Imagine It: You’ve infiltrated the Blu base and laid waste to two scouts, a pyro and a soldier with your heavy’s minigun. You never would have made it without the aid of the trusty medic by your side, who valiantly risked his life to keep you patched up and in good health. With Blu’s last command point just ahead, you pause a moment to savor the victory. “Good run, friend,” you growl to the medic. No reply. That’s cool, you think, this dude’s all business (or possibly Japanese). “Well, let’s make it happen.” You take a bold step forward, awaiting the warm embrace of the medic’s medigun, but none is forthcoming. As you hear the sound of Blu team members spawning ahead of you, all you can manage is a frantic mashing of the keyboard. Then the pyros are on you. It’s only twenty seconds later, while your corpse smolders on the ground, that you receive a reply from the medic: “Sry, AFK. Eating cheese sandwich.” Why It’s Seriously Not Cool: Team gaming is about trust and dedication. How can you expect to coordinate an attack on the enemy if you constantly have to worry about your teammates’ bladder control and/or relative levels of hunger? You can’t. Ask Patton. Besides, how much self-control does it take to focus your attention for the duration of a three-minute match? If you listened to a song today, you’re already qualified. I’m not saying you’ve got to finish playing a video game while your house is burning down, I’m just saying if you did, it would make God happy. Appropriate Punishment: Oddly enough, team-killing.
Imagine It: Blizzard’s latest opus, Burgercraft, has finally hit store shelves. You unpack the patty-shaped disc, slip it into your computer and spend the next forty hours of your life perfecting your seed-to-bun ratio, stacking order and learning which kinds of hot deli mustard to pair with the wasabi mayo to unlock bacon. After conquering the single player campaign and defeating the menacing denizens of Filet Of Fish-Opolis, you decide it’s finally time to take this show on the road. Beefy with anticipation, you load up Battle.net and start a multiplayer game with a computer-selected opponent. Assured that you’re in for the epic fight of a lifetime, you immediately start producing lettuce harvesters and reinforcing your fledgling base with a perimeter of pickle spears and fry pits. Suddenly, and without any warning other than the words “kekekekekeke” appearing onscreen, four zerglings invade your base and devour everything in sight. The game lasts all of five minutes, and you’re left with nothing but questions. Questions like, “What kind of douchebag plays like that?” and “A Zerg rush? How was that even possible?” Why It’s Seriously Not Cool: In theory, games are made so that, through a series of increasingly difficult mental and/or reflexive challenges, a human being interacting with the game’s interface can learn how to effectively manipulate it, then use that knowledge to accomplish objectives laid out by the designers and trigger the release of endorphins in the brain. This effect is known as “fun,” and it can also be achieved through sexual stimulation or narcotics use, although those methods don’t feature nearly as many laser rifles. At some point, a faction of gamers who actually un-ironically call themselves “hardcore” forgot all of that definition except the word “objectives,” and decided to treat video games like second jobs. They work at the game with grim, humorless dedication until they discover “the best way to win,” which is invariably to exploit a balance issue or design flaw, then they do that. Over and over and over again. Their belief is that, by learning a rote mechanical action and having the endurance to repeat it without soiling themselves, they have become “skilled” at the game. And they are skilled; just like a robotic arm designed to punch a square out of a sheet of aluminum is skilled at that task. So yay for them! Appropriate Punishment: Being relegated to a server where all the players use exploits all the time, games average thirty seconds and the other player always runs a plug-in that makes all his units turn into Jesus piloting a Star Destroyer.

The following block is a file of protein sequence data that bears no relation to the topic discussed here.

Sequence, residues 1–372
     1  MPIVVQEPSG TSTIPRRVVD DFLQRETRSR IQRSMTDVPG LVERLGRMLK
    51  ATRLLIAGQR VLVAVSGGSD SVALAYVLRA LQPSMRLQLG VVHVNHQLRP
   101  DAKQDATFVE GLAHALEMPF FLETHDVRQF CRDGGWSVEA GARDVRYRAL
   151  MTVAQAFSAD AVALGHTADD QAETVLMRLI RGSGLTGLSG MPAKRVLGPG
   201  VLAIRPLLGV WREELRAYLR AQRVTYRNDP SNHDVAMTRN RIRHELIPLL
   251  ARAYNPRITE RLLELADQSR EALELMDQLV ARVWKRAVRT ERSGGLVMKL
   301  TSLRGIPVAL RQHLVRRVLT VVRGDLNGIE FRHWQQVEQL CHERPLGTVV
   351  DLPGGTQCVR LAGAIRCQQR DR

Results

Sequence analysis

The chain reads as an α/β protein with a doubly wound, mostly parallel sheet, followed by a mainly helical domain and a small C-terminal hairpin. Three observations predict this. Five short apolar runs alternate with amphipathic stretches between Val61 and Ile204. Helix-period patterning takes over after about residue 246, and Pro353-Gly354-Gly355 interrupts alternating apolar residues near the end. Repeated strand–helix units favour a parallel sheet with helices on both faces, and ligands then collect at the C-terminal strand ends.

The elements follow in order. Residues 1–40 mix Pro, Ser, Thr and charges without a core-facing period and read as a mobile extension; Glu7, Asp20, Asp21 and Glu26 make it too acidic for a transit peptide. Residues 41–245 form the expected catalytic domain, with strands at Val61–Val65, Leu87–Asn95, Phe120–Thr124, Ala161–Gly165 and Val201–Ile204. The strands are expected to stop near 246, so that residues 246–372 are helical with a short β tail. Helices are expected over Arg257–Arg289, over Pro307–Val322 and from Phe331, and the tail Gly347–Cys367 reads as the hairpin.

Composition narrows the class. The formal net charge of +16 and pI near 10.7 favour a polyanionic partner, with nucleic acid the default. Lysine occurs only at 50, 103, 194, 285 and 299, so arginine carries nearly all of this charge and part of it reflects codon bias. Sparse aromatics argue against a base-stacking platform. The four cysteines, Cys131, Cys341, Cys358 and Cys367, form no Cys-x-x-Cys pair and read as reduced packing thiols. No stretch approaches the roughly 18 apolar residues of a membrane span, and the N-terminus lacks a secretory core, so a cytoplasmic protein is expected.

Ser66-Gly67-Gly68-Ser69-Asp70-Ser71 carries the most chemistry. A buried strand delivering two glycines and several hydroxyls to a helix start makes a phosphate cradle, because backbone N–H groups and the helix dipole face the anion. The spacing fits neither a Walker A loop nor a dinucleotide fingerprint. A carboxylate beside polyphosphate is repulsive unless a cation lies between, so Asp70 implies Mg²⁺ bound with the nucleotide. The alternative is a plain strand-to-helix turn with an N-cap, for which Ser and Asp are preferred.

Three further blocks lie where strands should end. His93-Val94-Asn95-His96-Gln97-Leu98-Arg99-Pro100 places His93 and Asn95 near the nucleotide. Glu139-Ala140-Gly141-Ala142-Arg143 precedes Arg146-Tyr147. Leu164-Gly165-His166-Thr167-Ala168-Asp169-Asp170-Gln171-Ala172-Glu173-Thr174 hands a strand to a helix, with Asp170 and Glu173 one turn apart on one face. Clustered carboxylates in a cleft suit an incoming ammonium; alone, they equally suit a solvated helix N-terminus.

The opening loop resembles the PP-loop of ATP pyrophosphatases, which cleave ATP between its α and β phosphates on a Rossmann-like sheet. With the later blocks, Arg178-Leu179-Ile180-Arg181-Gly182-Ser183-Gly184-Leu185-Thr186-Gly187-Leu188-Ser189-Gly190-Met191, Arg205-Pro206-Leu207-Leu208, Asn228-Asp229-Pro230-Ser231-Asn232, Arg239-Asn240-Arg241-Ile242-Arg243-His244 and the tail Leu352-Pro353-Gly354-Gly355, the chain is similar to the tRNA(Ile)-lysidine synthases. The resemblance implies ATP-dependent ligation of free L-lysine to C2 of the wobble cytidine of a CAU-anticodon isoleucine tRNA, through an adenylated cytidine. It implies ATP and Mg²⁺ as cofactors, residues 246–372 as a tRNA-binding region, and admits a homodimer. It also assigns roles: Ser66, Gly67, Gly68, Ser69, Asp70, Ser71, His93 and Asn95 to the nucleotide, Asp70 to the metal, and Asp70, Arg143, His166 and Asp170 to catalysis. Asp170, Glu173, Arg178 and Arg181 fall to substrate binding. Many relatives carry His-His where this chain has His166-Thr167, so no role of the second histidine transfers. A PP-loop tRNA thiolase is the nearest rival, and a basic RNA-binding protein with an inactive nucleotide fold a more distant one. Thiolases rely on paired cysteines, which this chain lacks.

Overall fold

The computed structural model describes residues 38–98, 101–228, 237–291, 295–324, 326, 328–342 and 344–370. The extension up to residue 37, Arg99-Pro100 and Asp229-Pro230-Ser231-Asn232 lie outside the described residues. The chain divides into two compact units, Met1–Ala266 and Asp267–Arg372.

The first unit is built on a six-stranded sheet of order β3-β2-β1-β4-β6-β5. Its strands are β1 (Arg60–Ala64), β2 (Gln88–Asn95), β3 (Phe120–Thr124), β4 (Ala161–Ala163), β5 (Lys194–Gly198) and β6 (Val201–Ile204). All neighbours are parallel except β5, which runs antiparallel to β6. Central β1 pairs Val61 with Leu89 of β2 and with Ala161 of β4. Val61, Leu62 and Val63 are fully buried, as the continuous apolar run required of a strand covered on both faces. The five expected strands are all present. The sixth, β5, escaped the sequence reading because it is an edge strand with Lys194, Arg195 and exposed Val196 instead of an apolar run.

When not writing for Cracked, Michael roams the DC Wastes as head writer and co-founder of Those Aren't Muskets!